While the courtiers were all discussing what sort of man he might be, one of their outriders reported that he had claimed to have killed the three men as part of a vendetta. Norimitsu was overjoyed to hear this, and said nothing as the courtiers commanded that the man approach and explain himself.
Soon enough, the fellow hesitantly approached the carriage, and went down on one knee his hand on the hilt of his sword. He was a strange-looking sort, with beady, bloodshot red eyes peering from either side of small nose and above a pair of bulging cheeks covered with a red beard, over a pointed chin.
Upon being ordered to account for his actions, the man told the following tale.
‘I was passing by here, minding my own business, about midnight last night, when these three louts rushed up to me demanding to know my business and shouting that they wouldn’t let me past. I thought they must be thieves so I squared off against them and cut them down.
‘I thought nothing more of it until this morning when I got a good look at them and realized they were a gang who I’ve had a bit of bad business with in the past and wanted to pay back! There you have it – I’ve had the good luck to kill my enemies, and not even know it!’
As he spoke, the man jumped to his feet with excitement, nodding his head and pointing at the bodies in the street. The assembled nobles were very impressed, and demanded that he tell the whole story again, in greater detail. As he did so, his claims about the fight grew wilder and wilder.
‘You dog, taking credit for my work,’ thought Norimitsu to himself with amusement, ‘but this is one credit I’ll happily give to you!’
He showed nothing of this on the surface, simply joining the others in praising the man’s skill.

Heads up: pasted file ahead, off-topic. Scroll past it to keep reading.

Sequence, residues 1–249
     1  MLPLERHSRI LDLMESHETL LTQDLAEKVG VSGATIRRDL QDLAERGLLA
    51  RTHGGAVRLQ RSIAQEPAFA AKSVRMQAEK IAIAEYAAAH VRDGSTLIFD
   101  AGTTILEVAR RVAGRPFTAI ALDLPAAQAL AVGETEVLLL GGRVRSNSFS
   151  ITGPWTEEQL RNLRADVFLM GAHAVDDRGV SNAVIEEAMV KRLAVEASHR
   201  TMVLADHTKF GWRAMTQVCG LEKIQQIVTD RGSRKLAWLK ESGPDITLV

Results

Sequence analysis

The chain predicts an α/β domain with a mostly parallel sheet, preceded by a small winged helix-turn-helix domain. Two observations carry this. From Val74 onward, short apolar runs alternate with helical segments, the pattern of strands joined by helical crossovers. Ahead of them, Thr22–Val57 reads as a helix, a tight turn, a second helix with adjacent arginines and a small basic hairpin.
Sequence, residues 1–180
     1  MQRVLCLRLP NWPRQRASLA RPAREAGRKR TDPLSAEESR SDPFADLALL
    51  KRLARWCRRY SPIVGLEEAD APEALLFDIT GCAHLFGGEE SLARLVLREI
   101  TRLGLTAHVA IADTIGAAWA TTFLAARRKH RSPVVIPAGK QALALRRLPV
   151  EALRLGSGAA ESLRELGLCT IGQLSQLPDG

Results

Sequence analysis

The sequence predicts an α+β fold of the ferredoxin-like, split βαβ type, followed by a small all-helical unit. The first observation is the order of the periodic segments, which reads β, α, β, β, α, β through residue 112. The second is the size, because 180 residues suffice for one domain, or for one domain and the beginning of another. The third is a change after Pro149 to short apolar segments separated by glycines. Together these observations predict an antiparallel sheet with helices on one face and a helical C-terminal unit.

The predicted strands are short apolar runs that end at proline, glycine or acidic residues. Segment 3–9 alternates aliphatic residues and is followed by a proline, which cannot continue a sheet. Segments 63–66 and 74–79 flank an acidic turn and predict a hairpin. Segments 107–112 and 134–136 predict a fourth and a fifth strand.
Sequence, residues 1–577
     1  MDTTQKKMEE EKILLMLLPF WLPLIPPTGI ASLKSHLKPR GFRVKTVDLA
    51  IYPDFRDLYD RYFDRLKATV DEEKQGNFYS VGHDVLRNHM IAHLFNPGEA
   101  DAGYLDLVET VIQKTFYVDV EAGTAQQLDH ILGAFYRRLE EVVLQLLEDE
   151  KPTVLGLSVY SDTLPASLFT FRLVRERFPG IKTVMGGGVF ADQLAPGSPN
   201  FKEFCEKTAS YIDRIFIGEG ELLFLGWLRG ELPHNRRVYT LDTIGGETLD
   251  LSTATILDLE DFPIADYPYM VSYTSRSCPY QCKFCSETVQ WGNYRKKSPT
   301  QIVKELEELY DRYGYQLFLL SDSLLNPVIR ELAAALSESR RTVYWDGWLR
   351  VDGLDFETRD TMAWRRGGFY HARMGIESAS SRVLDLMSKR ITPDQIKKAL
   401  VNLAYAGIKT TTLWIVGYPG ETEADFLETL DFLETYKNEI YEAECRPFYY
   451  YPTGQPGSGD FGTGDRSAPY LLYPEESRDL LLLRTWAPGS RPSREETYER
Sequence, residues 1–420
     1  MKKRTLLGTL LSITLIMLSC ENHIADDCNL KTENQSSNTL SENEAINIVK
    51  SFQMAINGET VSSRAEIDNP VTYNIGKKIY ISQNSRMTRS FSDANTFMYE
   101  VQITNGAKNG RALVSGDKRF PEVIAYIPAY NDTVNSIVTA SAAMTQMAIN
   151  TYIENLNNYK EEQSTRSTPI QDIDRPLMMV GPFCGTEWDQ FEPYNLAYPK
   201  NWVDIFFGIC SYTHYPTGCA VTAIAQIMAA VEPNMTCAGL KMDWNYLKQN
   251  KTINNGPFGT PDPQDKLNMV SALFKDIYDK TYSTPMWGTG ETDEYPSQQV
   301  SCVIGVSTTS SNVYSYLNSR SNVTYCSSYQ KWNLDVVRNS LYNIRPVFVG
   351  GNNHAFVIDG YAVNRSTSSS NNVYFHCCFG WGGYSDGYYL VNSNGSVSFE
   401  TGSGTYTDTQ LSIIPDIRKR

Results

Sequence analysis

He did this because he was worried about what might happen if people found out it was him, so he was overjoyed that someone had come forward to claim the credit and put an end to any speculation about who was responsible. It’s said he only revealed the secret to his children on his deathbed.
This Norimitsu was the father of Suemichi, the former governor of Suruga, who is living today, or so it is told.
 A provincial governor (kami), was a noble, usually of the Fifth Rank, who was sent out to represent the court and government, and run the provincial administration. A major part of the governor’s job was ensuring that appropriate tax revenues were paid and remitted back to the court, but they also acted as judges, and theoretically could call upon military forces in their provinces. Governorships were sought after by members of the lower nobility, because it was possible to become quite wealthy as a result of the position’s control over tax revenues.
 Mutsu, also known as Michinoku, was a large province which occupied most of the north-east of Japan’s main island, Honshū, in premodern times. It had a reputation for wildness and would have been thought of as impossibly far away by people in the capital.